Where do you purchase your bird food? On the internet for delivery to your house? From a big box store? From a locally owned store?
While tardy at picking up some pruned branches from a deciduous tree, I discovered the ground feeders really liked eating the seed under the cover of the open branches. The neighborhood cats and hawks could not stalk them as easily, but the birds were able to keep an eye out for predators. I left the loose pile of branches for them until I needed to prep the landscape for some perennials.
Cooper's hawks nest in close proximity of our house, so they are a year round visitor to our yards looking for food. They most often pick off the mourning doves, which breed like rabbits so I don't mind as much as losing the songbirds. I try to provide some cover for the birds, by feeding them under the canopy of low branched shrubs, and providing nearby trees and plants for quick cover. But I am amazed at how crafty the hawks can be.
This is a true story, even though it might sound far-fetched to some. I began noticing the impact prints from morning doves on my kitchen window. Even though the windows are under the cover of a patio, they get smacked by birds sometimes. But three impact prints on the same window within a week, in almost the identical central location, had me scratching my head. That was until I saw one of our hawks in action. It knew just the direction to approach, and the time of day to have the proper reflection, to send the panicked doves flying towards the window. Then it would grab them at the impact zone, and fly away without much contact with the window. I have witnessed, by sound or visually, the same behavior with this style of attack using the sliding glass door and our office window, all on the same side of the house.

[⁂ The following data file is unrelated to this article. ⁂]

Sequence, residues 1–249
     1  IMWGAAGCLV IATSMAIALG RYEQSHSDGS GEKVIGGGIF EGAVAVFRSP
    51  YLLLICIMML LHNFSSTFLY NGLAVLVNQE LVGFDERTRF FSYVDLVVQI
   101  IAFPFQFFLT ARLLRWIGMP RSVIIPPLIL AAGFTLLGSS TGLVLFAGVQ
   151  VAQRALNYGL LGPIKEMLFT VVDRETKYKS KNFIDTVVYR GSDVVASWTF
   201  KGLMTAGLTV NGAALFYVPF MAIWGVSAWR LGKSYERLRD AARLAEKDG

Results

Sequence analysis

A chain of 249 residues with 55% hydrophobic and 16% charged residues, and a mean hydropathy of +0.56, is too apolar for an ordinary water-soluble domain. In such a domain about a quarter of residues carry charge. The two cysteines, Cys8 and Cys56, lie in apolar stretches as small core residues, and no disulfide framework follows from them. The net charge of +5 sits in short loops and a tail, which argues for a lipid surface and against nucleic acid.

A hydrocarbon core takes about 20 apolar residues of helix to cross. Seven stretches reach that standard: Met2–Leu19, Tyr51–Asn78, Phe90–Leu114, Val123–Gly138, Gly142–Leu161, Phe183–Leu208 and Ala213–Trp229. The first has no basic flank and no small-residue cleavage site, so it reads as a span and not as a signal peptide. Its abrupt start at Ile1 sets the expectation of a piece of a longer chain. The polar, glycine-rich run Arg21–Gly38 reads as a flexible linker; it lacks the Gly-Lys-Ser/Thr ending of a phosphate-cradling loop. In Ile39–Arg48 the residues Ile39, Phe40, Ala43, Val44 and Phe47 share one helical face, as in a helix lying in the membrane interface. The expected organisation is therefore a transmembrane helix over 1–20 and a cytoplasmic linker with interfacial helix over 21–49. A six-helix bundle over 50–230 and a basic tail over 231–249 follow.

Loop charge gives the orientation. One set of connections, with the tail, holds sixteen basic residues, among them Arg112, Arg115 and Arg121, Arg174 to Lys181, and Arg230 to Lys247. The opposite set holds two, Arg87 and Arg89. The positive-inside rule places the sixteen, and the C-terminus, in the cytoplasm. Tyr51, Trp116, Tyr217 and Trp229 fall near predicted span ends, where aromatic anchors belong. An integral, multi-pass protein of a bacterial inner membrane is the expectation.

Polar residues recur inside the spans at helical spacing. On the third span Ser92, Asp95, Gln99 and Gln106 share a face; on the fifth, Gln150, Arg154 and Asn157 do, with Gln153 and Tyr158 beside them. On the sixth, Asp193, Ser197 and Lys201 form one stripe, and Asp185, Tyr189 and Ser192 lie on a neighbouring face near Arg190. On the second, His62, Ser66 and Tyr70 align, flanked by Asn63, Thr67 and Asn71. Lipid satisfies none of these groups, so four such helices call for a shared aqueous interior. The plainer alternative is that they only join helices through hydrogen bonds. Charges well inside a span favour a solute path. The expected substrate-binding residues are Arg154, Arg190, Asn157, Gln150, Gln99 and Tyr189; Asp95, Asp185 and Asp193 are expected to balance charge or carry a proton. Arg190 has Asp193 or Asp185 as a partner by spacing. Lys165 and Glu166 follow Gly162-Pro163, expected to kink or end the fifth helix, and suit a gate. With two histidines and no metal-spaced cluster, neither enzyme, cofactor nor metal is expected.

It has been a while since it has happened, so that particular hunter might have moved to another area or the timing for the reflection are not idea at this time of the year. Maybe the mourning doves are getting smarter. But with the nearby nesting, we see both the young and the experienced regularly. The hungry young sometimes try chasing the sparrows through the bottlebrush tree. I can only laugh at their futile attempts with that technique. I think it is interesting to watch the behavior of all of the bird species. This is a photo of one of the adults taken last November.